Thursday, November 24, 2005

Too Much Tennis Part 1

There seems to be an increase in voices dissenting about the length of the tennis season. This is not a new problem, but since there was the spate of withdrawals at the Masters Cup and the preceding TMS events such as Madrid and Paris this year, in addition to the fact that is the more of the top players that are withdrawing from these events, has brought this issue back into the limelight.

It doesn’t matter that players have been getting injured before, but now since it’s the top players and the bigger cash cows, that they decide this is an issue, whereas it simmered in the background before, this and the increase of tennis on hardcourts is a factor in this process, but more on that later.

So, who are the losers in these circumstances? Whether people like these players or not, the top players do generate extra ticket sales, advertising and more revenue for the tournament, so the tournament directors aren’t happy, as for the fans they are not usually the first people considered, as it is usually the corporate and the sponsors that are taken care of first, before the average fan is considered. Fans have only one thing in common in that they like tennis, what one fan might complain and sigh none of the stars are so they won’t watch, while others will take the opportunity and appreciate the tennis is on offer and not just cause of the name.

The tennis season goes through from January to December and there is a minimal break for the players and fans. It's too long and the off season isn't long enough for them to recover from the year and prepare physically in that period for the next season. Though the only players who can take time off properly during the season are the better ranked players, who can afford to do so. At the same time players with the current schedule have to be flexible and play the tournaments they need and what suits them instead of just chasing the cash.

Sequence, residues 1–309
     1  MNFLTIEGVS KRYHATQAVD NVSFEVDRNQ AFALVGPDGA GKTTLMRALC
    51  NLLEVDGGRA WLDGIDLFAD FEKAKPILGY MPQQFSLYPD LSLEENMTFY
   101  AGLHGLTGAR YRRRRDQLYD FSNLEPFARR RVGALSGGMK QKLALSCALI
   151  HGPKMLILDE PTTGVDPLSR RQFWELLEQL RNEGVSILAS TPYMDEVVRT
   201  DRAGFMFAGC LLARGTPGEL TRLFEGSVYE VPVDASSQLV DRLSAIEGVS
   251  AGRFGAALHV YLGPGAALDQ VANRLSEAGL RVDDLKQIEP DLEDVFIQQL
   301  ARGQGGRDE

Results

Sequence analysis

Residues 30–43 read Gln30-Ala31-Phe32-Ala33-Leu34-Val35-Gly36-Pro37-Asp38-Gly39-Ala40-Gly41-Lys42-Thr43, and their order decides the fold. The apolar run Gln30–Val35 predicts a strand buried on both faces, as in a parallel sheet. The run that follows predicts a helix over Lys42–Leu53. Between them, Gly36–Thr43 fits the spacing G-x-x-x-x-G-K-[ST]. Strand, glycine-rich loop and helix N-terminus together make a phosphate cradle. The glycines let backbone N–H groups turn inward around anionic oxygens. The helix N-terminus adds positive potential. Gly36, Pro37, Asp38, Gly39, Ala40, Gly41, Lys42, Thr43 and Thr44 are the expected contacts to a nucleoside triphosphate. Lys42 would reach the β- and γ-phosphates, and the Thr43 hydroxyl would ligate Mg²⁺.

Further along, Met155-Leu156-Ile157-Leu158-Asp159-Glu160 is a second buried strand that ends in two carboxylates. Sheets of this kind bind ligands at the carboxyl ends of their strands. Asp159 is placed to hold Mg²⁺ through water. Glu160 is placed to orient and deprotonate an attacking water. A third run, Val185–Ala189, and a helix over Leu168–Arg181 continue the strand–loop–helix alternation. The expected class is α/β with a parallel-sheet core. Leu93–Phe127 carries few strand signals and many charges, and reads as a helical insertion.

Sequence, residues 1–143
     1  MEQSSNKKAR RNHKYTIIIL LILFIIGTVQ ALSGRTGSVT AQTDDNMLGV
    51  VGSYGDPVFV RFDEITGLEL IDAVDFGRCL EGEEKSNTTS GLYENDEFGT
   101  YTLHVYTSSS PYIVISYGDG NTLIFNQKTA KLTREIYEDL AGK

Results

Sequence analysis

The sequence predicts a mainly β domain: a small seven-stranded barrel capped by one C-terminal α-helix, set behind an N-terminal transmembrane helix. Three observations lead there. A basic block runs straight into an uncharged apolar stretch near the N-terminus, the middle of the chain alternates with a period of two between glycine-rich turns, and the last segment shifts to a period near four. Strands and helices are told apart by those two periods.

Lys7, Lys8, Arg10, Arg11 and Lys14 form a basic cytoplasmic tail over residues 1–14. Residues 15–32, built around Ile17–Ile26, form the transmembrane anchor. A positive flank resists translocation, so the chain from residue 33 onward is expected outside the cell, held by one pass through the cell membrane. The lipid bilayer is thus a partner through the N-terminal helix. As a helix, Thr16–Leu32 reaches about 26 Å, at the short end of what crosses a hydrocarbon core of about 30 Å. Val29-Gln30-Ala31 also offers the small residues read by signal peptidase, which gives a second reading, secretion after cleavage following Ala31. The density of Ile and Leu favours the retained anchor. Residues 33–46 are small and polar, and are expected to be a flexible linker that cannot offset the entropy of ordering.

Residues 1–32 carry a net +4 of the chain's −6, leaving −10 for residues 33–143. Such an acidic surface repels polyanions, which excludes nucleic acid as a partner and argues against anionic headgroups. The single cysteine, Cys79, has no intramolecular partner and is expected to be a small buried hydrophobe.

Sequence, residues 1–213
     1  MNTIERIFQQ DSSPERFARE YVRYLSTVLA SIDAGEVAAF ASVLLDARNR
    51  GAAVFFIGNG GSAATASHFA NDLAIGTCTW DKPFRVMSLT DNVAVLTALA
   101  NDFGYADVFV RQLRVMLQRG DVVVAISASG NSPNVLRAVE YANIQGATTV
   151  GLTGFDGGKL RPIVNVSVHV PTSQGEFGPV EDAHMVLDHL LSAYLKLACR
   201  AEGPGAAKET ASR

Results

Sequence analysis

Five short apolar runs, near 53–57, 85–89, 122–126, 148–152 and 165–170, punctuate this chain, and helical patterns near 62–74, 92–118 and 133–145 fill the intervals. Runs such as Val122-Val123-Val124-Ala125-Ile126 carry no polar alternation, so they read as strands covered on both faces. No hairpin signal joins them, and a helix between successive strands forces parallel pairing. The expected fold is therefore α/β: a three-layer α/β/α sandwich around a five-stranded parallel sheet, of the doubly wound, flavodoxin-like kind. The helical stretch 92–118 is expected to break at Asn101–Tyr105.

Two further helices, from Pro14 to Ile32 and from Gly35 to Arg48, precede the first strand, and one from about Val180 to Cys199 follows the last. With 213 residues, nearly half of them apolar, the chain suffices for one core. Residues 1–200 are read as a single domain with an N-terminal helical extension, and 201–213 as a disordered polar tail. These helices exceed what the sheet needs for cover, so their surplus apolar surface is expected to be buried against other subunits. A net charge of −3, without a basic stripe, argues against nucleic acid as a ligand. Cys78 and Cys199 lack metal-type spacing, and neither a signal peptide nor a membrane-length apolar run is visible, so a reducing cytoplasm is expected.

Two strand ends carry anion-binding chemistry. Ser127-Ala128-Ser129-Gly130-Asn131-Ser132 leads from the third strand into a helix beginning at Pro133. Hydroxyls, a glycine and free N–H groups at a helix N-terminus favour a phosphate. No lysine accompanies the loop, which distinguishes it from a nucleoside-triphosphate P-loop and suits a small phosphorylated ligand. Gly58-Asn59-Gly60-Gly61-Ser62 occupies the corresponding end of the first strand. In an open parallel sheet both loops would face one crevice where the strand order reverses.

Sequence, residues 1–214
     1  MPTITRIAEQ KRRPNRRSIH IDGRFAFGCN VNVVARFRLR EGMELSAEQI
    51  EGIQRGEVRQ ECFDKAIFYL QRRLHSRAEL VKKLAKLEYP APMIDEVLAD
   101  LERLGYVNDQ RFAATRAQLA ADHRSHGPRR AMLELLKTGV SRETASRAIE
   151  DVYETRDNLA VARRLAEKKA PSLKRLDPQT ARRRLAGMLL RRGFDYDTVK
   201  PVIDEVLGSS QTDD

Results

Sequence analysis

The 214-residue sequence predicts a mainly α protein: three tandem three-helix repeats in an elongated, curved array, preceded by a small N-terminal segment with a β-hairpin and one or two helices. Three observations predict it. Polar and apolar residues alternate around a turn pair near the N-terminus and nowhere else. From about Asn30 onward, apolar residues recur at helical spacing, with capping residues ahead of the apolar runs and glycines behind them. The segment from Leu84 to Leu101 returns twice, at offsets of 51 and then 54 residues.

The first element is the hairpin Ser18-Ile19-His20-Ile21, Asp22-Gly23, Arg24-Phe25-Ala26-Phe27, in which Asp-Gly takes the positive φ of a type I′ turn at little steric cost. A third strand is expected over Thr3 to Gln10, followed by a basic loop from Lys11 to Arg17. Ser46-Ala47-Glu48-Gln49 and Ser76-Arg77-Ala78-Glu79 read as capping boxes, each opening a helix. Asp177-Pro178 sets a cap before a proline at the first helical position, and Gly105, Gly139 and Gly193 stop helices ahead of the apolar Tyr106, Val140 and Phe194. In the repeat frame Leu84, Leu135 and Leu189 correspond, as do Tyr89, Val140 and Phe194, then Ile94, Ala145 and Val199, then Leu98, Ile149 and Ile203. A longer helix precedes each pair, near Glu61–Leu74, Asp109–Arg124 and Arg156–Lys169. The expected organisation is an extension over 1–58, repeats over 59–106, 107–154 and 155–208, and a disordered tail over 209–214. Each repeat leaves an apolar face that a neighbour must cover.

This is a multi dimensional problem. Having spoken to many people in different sporting fields, trainers and personal experience, there needs to be sufficient recovery times for athletes and also these players will have different peaks during the year. It is the competitive nature of the sport as well, that can lead to mental fatigue as well as physical fatigue. In an ideal world the players will want to peak for the four Slams, using the lead- up TMS events in the process of attempting to peak at the Slams, but this is not always the reality. Don’t believe the bullshit and propaganda from the English-language press and commentators that all the players want to win Wimbledon. There are many Spanish-speaking players who want to be at full peak for Roland Garros and then come down after that, while there are many who use Roland Garros as fitness, so they can be prepared for Wimbledon and the US Open.

The Australian Open is a clear example of who has prepared well in the off-season and this should be rewarded, but in reality the lead up for a Slam is too short and there would be a TMS before it, though that would involve a large restructuring of the tennis calendar. The transition from clay to grass is notoriously difficult, yet it has a very short timeframe for it to happen. Ideally Wimbledon would move back a week or so and give the players an extra week to adjust to the grass, but Wimbledon is generally all about its own interests and not necessarily for the game, even more so than the other Slams. For something like this to be discussed, this would mean disparate groups such as the ATP, ITF, tournament directors would have to come together and make compromises for the better of the sport, if there are enough forward thinking individuals within the respective organisations to do that.

The second part of this issue will be continued in the next posting.

2 comments:

Choupi said...

Old but interesting debate. Too sad we've had to wait till top players pulled out so much so that the debate raises again. I mean, it didn't raise as much questioning for lower-ranked players. Money rules the world and tennis isn't safe from that. I remember Pioline, co-director of the BNP Paribas Masters, already complaining last year about that pb. And he said something similar to that :"For something like this to be discussed, this would mean disparate groups such as the ATP, ITF, tournament directors would have to come together and make compromises for the better of the sport, if there are enough forward thinking individuals within the respective organisations to do that." Except that he simply added that this would never happen...Fatalistic or realistic?

Sigurd Sigurdsson said...

Cedric is realistic in these comments.